Torts reform: NHL suspends Tortorella 15 days — six games — for antics vs. Calgary

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Vancouver head coach John Tortorella has been suspended 15 days — covering six regular season games — for his actions during Saturday’s game against the Flames, the league announced on Monday.

“Mr. Tortorella’s actions in attempting to enter the Calgary Flames locker room after the first period were both dangerous and an embarrassment to the League,” said NHL hockey ops VP Colin Campbell in a statement. “Coaches in the NHL bear the responsibility of providing leadership, even when emotions run high, and Mr. Tortorella failed in his responsibility to the game.”

Tortorella’s suspension is retroactive to Jan. 19 and runs through Feb. 2. According to the NHL, he is “not permitted to have any interaction with his club prior to, during or after games.” He will miss games against Edmonton, Nashville, Phoenix, Edmonton (again), Chicago and Winnipeg, eligible to return for a Feb. 3 date against Detroit.

The Canucks and GM Mike Gillis issued the following statement in response:

“We respect the decision made by the National Hockey League today to suspend John Tortorella for 15 days from Sunday, with no contact with the team for six games. 

“We would also like to acknowledge our organization’s full support for John and we look forward to having him back behind the bench soon.”

It’s worth noting this is the second time Tortorella’s been suspended by the league. He served a one-game ban during the 2009 playoffs for throwing a water bottle at a fan.

This latest incident occurred during the first intermission of a wild game, which began with a line brawl two seconds into the contest and culminated with Tortorella trying to go after Flames head coach Bob Hartley between periods — this after Tortorella spent much of the first yelling at Hartley from the bench.

There were 150 penalty minutes assessed to both sides (81 to Calgary, 69 to Vancouver) by the time the contest was less than five minutes old.

“I’m not proud of it,” Tortorella said afterward.

The crux of the issue was with Hartley’s player selection to start Saturday’s game — putting out Kevin Westgarth and Brian McGrattan — and Tortorella feeling the need to respond (by starting NHL penalty minutes leader Tom Sestito.)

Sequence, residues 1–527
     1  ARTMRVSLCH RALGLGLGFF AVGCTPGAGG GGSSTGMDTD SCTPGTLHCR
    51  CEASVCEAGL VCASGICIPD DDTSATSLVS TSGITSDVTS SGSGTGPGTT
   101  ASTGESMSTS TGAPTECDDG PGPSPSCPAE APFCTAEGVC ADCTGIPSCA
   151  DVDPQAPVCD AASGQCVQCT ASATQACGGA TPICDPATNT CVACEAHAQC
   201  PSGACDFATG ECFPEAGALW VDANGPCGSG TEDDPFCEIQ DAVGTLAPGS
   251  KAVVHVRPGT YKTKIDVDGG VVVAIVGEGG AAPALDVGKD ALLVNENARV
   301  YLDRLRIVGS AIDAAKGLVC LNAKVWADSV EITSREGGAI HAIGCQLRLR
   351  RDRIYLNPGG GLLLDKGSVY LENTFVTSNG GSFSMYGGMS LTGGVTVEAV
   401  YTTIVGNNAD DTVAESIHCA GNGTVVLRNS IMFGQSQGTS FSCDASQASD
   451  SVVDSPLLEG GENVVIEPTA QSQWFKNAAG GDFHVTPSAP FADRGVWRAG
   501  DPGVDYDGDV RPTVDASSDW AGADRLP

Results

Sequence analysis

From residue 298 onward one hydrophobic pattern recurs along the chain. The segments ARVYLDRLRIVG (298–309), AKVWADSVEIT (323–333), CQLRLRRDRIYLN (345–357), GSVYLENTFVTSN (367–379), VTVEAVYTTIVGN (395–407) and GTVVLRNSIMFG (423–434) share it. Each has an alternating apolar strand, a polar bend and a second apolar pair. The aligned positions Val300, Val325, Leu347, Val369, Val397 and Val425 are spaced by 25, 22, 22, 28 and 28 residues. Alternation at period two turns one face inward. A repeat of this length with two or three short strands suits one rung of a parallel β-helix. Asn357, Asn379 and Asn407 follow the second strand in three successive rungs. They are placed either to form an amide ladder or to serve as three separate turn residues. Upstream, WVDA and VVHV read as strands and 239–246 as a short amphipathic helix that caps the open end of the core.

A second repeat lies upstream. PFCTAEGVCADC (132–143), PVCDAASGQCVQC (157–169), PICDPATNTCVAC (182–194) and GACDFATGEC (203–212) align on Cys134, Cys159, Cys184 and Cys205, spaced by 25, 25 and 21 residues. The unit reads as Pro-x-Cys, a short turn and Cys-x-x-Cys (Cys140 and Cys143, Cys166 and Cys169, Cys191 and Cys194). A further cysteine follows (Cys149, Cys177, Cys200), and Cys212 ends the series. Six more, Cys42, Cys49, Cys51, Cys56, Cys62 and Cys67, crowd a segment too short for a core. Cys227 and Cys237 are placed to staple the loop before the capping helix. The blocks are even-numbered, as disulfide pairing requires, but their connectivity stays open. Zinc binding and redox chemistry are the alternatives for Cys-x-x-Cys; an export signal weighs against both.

Earlier today, a report from The Province claimed Westgarth was sent out to start the game to “make something happen.” If true, that would contradict the story that Hartley told after the game regarding his choice of starting players.

“Those guys are playing well for us,” Hartley said of Westgarth, McGrattand and company. “They got a goal last game. We’re not scoring many goals. We had zero intentions there.”

Hartley was fined $25,000 for his actions.

Devils place goalie Cory Schneider on injured reserve

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NEWARK, N.J. (AP) The New Jersey Devils placed goalie Cory Schneider on injured reserve with a lower-body injury suffered Thursday night in a 5-4 overtime victory at Ottawa.

Schneider left after the second period. Keith Kinkaid replaced him and stopped all nine shots he faced to earn the victory.

With Schneider sidelined, Kinkaid was expected to start Friday night at home against San Jose.

The Devils recalled goalie Scott Wedgewood from Binghamton of the American Hockey League.

The Devils catch a scheduling break with a week off until their next game Oct. 27, the first day Schneider is eligible to return.

Schneider is 4-1-0 in six games this season with a 3.30 goals-against average.

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Andreas Athanasiou, Red Wings finally settle on one-year deal

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The contract stalemate between the Detroit Red Wings and Andreas Athanasiou is finally over.

On Friday, TSN’s Bob McKenzie reported that the two sides struck a deal that will see the 23-year-old forward back in the lineup, at least for this season. It’s a one-year deal worth $1.387 million.

Due to Detroit’s tight salary cap situation, the deal has not been officially registered with the NHL because general manager Ken Holland needs to free up space in order to fit Athanasiou’s contract.

Athanasiou, who was a restricted free agent this summer, was seeking a two-year deal worth around $2.5 million per season. The Red Wings, meanwhile, were holding firm on a one- or two-year deal carrying a $1.9 million AAV. As the stalemate dragged on, he began practicing with Swiss side HC Lugano, but did not sign a contract. He had until Dec. 1 to make an NHL return in order to be eligible to play this season. The KHL card was played, but as Torey Krug showed, that move is always a clear bluff.